Book review: Malcolm A Clarke: The Law of Insurance Contracts - SAR 2004 - 1
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The first edition of Malcolm Clarke’s book on the Law of Insurance Contracts was published in 1989, at a time when Lloyd’s was entering its crisis, a crisis which was not resolved until 1997 with “reconstruction and renewal”. Thirteen years have passed, Lloyd’s survived and London remains the major international insurance market, insuring many diverse risks from around the world. A fourth edition of Malcolm Clarke’s work in this time is an indication that the law is evolving as rapidly as the insurance market itself – at times it is difficult to know which takes the lead.
Why mention Malcolm Clarke’s work in the same breath of the London insurance market? This is because it is a treatise on the English law of insurance contracts. As many arbitrations, particularly international arbitrations, have some element of the dispute insured – property, liability, export credit, political risk, aviation - then this is an excellent reference work for those involved in arbitrations where the risk might be insured in London and be subject to English law.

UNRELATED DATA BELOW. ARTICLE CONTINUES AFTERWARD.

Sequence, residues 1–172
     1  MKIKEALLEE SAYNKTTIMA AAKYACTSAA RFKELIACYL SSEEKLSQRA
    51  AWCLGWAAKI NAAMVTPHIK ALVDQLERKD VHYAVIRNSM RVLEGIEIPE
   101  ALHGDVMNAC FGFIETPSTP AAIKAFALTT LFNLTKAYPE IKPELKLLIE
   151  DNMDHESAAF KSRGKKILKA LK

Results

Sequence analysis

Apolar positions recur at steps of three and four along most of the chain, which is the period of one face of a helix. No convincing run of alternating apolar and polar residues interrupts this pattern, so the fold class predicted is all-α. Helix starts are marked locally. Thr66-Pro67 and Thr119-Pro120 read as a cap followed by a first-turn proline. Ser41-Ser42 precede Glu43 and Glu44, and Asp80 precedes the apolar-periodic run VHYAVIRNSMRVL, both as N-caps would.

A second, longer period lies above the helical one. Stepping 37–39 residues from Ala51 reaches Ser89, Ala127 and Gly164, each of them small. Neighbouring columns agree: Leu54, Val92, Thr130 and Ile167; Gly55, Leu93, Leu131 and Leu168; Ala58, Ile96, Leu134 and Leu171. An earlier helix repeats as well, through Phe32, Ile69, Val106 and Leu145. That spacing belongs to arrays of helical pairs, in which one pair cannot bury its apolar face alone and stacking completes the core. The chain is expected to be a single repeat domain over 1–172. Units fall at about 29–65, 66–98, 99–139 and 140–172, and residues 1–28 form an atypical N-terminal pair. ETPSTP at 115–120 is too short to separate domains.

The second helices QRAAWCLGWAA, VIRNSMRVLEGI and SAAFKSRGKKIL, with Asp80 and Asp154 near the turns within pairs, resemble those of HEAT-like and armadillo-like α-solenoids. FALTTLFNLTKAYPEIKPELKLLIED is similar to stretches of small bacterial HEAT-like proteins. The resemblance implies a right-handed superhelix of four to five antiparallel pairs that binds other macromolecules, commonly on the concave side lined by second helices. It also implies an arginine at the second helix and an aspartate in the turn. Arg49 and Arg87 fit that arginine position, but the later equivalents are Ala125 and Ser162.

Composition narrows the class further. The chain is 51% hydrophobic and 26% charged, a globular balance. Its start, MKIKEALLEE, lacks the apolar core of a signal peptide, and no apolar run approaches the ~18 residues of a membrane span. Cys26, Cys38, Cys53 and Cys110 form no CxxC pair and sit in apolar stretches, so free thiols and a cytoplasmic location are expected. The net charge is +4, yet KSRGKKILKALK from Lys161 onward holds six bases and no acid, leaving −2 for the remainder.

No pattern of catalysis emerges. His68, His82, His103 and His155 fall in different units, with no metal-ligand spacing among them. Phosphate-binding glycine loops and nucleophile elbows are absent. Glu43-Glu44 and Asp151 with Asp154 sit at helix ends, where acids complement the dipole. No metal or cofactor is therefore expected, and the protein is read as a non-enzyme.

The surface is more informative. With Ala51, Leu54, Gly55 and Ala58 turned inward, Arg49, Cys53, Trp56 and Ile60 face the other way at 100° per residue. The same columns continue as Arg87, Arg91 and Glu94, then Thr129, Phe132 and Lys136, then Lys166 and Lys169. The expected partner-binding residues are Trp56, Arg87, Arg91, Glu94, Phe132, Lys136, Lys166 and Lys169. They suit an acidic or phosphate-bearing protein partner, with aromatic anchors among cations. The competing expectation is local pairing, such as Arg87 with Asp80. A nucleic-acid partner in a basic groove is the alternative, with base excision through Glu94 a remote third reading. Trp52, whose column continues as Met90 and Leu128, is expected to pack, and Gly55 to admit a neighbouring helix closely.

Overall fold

As a matter of standing, it is now well established that Clarke’s work rivals what was the pre-eminent work in this area, MacGillvray on Insurance Law (10th edition, Sweet & Maxwell) and is cited as often by and before the English Courts. No opinion would be complete without a reference to both works. But what marks this work out is its reference to decisions in other jurisdictions – mainly the common law jurisdictions of Australia, Canada, New Zealand and last, but not least, the US, where protection of the consumer often takes greater precedence in shaping the law.